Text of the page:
My mind transformed – renewed – without the benefit of a personal 95 Theses moment. Not even an outburst of spiritual rebellion. My personal change – my reformation if you will – occurred more subtly. In fact, it continues to occur; I hope it never stops.

As far as Martin Luther’s Reformation, I recognize that my Lutheran tainting may leave me incapable of objectivity concerning how he changed the world. I may also be too enamored by change itself to be objective.

The way I see it: The world changed in an instant because of what happened on October 31, 1517, and yet it took years for that change to be realized. After Luther nailed his "Disputation of Martin Luther on the Power and Efficacy of Indulgences" to the door of the Castle Church in Wittenburg, temple curtains did not tear and graves did not open with the dead suddenly raised to life. But a barrier of authority had been broken and minds began to open. People had greater opportunities to encounter God personally. To think. To use their minds to challenge prevailing beliefs about God. To pray and meditate on scripture they had read themselves in a familiar language.

Luther helped get the church out of God’s way. It’s a feat I continue to regard as worthy; it’s a goal to which I often aspire. Reformation.

Today we celebrated with red stoles on the usually stole-less pastors and assistants, red flags hanging from the interior buttresses, red orbs on the communion servers and, yes, red wine. All of them witnessed to the presence of the Holy Spirit and what can happen when people get out of God's way and faith gets real.

I am seeing red today, but only the best shade of this powerful hue. For at the end of the day – any day – no matter what has happened or is happening or may happen, none of it matters. God’s truth abides. God’s kingdom is forever.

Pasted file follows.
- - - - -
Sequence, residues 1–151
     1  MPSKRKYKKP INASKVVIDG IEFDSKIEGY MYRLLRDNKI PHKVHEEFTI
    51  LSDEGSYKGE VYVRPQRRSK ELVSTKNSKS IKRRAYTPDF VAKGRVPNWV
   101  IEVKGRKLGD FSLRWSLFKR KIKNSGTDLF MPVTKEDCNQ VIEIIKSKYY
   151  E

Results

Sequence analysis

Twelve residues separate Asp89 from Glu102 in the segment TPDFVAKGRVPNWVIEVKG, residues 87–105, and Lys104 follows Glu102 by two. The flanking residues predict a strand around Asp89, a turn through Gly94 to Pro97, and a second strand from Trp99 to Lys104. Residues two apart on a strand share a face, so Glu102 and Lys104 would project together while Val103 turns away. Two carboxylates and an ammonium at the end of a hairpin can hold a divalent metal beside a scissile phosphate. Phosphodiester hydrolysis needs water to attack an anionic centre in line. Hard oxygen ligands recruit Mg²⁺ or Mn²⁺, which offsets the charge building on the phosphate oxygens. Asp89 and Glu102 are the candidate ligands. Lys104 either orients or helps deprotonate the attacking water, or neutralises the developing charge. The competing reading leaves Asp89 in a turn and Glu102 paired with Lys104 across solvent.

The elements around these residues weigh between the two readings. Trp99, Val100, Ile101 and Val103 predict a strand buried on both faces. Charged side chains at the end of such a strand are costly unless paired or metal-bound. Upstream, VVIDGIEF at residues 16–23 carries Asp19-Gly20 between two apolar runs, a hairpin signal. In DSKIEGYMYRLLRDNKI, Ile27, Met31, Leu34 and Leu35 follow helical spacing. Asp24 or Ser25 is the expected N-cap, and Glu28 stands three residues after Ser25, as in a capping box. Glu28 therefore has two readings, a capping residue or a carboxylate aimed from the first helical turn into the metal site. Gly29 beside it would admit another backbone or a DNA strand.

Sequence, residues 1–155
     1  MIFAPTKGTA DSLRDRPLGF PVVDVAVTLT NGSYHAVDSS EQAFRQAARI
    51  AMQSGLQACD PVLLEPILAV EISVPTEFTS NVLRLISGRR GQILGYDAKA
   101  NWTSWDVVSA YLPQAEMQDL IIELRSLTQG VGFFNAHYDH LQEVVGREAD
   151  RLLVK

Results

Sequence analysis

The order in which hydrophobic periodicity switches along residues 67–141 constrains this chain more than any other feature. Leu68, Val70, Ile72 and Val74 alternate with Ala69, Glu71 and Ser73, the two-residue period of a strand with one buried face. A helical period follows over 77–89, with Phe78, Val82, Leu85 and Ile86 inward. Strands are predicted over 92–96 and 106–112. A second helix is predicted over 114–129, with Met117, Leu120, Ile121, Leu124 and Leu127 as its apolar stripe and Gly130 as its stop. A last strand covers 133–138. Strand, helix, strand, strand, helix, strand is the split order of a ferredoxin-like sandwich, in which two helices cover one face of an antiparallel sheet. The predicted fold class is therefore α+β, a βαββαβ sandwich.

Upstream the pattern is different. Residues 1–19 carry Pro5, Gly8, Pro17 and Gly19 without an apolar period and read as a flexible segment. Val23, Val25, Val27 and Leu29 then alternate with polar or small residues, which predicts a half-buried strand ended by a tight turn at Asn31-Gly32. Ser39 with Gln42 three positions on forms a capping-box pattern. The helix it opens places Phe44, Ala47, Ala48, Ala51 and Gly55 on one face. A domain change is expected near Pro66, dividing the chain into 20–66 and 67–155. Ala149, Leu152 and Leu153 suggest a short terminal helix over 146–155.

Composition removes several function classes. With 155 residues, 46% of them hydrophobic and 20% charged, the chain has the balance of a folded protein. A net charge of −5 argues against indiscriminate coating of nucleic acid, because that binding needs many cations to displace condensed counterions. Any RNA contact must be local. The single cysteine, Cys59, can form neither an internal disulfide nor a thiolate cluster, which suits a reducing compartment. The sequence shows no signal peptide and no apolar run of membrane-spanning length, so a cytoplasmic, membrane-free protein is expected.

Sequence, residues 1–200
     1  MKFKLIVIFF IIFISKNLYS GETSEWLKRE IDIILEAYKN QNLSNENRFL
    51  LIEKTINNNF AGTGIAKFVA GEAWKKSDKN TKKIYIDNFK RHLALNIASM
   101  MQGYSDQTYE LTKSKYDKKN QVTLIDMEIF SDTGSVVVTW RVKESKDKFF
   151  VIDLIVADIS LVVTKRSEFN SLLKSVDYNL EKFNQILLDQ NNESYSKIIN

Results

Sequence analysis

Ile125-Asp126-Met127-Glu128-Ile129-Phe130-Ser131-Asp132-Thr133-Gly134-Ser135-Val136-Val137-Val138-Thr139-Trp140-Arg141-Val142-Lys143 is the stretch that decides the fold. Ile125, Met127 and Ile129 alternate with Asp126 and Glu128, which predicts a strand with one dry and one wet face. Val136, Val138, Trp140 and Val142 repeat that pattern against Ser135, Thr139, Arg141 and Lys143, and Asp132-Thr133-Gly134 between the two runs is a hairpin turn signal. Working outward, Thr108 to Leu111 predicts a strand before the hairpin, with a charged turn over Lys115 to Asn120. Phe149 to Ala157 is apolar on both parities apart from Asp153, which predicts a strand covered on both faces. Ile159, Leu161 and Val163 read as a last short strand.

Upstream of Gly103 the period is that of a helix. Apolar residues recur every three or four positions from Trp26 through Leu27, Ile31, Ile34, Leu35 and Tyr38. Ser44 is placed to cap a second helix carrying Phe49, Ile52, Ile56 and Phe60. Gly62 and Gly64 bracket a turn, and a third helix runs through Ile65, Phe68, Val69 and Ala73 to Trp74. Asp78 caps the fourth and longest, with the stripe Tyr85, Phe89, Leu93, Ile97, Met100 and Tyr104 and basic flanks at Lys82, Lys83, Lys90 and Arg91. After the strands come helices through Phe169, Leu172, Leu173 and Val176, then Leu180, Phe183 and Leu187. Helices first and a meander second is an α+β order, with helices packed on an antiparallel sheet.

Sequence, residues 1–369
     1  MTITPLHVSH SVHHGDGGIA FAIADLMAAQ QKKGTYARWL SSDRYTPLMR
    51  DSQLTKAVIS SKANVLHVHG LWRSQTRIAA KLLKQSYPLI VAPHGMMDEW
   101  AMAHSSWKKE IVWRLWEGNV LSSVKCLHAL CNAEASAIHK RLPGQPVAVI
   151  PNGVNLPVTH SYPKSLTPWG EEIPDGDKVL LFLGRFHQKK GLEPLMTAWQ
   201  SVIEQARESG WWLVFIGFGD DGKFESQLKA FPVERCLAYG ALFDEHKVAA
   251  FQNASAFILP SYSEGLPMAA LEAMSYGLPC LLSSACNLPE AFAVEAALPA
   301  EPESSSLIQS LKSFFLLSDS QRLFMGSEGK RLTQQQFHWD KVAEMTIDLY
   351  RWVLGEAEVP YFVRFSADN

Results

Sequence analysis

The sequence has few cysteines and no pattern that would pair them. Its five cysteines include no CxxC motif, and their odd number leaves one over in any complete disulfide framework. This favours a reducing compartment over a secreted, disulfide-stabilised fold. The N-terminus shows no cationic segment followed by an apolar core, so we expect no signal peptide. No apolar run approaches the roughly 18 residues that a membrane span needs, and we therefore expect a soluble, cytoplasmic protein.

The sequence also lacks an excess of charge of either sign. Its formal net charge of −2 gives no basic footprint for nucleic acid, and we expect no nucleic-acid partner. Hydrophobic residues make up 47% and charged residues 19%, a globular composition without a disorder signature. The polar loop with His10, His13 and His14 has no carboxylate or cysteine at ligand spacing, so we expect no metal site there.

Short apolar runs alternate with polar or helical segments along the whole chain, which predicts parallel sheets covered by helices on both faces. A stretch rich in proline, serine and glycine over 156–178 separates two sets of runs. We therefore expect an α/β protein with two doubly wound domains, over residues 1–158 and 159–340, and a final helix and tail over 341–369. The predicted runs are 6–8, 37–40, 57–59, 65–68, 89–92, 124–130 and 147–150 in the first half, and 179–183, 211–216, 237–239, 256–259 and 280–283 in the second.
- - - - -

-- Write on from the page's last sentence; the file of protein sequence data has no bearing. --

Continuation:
Unless I am convinced by the testimony of the Scriptures or by clear reason (for I do not trust either in the pope or in councils alone, since it is well known that they have often erred and contradicted themselves), I am bound by the Scriptures I have quoted and my conscience is captive to the Word of God. I cannot and will not recant anything, since it is neither safe nor right to go against conscience. May God help me. Amen.
- Martin Luther’s response to the Diet of Worms on April 19, 1521, after having been asked to recant his writings on the previous day.

Friday, October 28, 2011

Lessons Learned About School

This column first appeared in the Fall 2011 Newsletter of the Spina Bifida Association of Iowa.

Just as a child’s physical needs change from year to year, so does his or her academic needs. The school year brings ongoing opportunities for parents to learn how to academically support their children. Stross is now 20 years old and taking one to two classes a semester at a local college. After two decades of learning – his and mine – I continue to value this advice:

1 – Address physical needs separate from academic ones. Sometimes teachers and parents – out of eagerness to accommodate a learning obstacle – fail to fully break down an academic issue into physical and academic components. In first grade, Stross began arriving late to his classroom after lunch. The teacher, believing his trek to the cafeteria using his walker was too taxing, allowed him more time. Stross continued to be late. My diagnosis: He was enjoying his time at lunch more than the lessons that followed it. Once we addressed the academic issues and provided a learning incentive, he made it back on time, walking – and learning – on pace with his peers.

2 – Break through teacher barriers. Teachers may have preconceived ideas about what it will be like to have your child in his or her classroom. They may also have used methods and accommodations with other students that they assume will work equally well with your child. Each child has a unique learning profile. That remains true for children with special needs. For our family, that once meant constant, polite reminders that our son with spina bifida (and an assortment of learning disabilities) was different than the boy with cerebral palsy (and his own set of learning issues) that she taught the previous year. Communication is a must. Talk regularly with teachers about your child’s interests, and share stories about ways that he or she learns best at home.